Mumbai High field located in North West of Mumbai is the largest offshore oil field in India. Crude oil reserves are also found in the offshore west regions and in the north east onshore regions of India. Rajasthan state and Bay of Bengal also hold significant oil reserves. ONGC regulates most of these oil and gas resources. Reliance Industries manages the operations of Krishna Godavari Basin Block D6 that is a significant gas play in this region. International investors are not so confident about certainties in reserve levels and they did not show much interest in the ninth biding round conducted under NELP framework in 2011 that gained majority bids from local Indian companies. According to the latest EIA estimates as published in the International Energy Outlook, the growth rate of Indian oil production will remain below 1 percent in coming two decades.
It is interesting here to note that Indian companies are also holding stakes and shares in international oil production and exploration. The ONGV Videsh Ltd(OVL) is the very active overseas. It is successfully working on oil and gas operation in fifteen countries. It is producing oil in Russia, Vietnam, Sudan, Syria, and Columbia. OVL is looking forward to increase the levels of output to 560,000 bbl/day from 150,000bbl/day by the end of March 2014.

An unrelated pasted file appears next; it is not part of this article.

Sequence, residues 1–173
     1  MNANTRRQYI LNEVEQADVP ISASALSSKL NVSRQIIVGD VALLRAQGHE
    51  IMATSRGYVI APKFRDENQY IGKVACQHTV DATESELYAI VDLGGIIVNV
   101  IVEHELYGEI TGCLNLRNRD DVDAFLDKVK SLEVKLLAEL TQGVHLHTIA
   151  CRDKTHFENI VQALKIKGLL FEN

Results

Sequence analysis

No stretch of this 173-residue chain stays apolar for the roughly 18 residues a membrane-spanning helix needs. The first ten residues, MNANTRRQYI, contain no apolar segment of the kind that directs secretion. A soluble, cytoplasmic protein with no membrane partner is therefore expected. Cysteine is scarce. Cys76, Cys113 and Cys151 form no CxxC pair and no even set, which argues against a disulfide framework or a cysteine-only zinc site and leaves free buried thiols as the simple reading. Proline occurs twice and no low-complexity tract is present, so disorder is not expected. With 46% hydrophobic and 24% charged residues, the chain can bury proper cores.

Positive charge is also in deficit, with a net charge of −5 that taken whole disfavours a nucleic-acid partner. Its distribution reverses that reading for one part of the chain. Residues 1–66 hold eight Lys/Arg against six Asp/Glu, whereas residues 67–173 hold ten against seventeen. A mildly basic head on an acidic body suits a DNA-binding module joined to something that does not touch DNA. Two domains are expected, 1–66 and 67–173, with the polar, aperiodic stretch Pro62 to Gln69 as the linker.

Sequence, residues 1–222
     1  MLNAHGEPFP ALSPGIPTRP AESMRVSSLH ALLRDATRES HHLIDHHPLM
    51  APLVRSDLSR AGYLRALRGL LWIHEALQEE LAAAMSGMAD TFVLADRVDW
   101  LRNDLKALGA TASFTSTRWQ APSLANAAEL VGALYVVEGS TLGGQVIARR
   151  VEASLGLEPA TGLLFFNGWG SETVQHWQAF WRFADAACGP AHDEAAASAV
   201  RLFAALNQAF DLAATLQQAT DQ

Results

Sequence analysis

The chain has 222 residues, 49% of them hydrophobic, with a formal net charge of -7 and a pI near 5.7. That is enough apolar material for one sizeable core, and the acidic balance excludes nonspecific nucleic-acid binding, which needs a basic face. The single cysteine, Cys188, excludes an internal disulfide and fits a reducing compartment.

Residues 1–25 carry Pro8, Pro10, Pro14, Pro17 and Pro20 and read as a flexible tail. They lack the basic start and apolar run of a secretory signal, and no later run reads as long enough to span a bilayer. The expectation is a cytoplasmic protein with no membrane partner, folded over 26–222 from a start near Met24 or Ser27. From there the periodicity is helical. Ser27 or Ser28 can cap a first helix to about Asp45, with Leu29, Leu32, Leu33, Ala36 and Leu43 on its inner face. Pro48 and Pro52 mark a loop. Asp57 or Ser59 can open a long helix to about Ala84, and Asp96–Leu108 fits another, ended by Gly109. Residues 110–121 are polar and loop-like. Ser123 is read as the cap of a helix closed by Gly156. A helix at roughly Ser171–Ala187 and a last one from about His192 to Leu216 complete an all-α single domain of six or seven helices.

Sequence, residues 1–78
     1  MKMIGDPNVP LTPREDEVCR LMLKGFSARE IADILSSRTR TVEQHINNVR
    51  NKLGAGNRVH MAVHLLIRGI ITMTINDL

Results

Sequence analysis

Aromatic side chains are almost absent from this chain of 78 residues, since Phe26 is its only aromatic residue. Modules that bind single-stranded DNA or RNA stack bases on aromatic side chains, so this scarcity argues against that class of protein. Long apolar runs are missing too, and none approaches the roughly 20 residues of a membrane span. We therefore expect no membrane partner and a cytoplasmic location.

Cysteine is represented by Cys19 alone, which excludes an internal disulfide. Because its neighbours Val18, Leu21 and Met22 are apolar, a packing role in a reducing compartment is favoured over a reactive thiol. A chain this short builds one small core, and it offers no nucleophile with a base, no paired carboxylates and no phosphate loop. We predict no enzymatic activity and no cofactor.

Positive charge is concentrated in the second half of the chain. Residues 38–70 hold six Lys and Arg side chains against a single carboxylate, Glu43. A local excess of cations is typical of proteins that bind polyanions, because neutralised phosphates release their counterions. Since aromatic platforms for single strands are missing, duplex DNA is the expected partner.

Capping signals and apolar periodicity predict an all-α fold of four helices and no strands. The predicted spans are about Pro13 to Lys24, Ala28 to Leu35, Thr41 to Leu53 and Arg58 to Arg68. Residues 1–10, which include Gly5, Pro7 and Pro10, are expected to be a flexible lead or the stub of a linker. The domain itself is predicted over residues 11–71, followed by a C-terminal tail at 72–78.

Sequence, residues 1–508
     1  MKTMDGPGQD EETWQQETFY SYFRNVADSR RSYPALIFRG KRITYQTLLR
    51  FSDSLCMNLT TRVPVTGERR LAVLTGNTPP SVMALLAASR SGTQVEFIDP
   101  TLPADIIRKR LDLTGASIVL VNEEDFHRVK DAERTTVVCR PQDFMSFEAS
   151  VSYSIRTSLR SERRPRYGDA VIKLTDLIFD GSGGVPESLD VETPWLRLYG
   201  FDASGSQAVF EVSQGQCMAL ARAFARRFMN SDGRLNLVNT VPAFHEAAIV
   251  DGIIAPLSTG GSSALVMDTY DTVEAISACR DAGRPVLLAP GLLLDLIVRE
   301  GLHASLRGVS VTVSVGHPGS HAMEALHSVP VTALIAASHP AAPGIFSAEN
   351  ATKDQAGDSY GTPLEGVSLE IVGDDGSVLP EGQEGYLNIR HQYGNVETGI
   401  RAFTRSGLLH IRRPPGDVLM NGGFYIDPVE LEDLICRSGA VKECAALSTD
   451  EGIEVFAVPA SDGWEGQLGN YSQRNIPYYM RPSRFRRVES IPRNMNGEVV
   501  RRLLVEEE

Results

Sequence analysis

India has acquired status of the fifth highest refining capacity in the world, a OGJ has mentioned in its recent report. There were around 21 refining facilities with a capacity to produce 4million bbl per day as of 2011. With a capacity to refine 1.24 million bbl/day, Reliance Industries complex at Jamnagar is considered to be the biggest refining complex in international ranking. This complex is established at northwest India in order to reduce the transportation costs and it can process various crude oil grades. Its processing capabilities are much more than other older refineries working in India. There is high probability of more and more investment influx in Indian refinery sector due to rise in demands noted in the region. According to experts, India will soon become a major competitor in refining petroleum products and may become the top exporters of these products in Asian market very soon.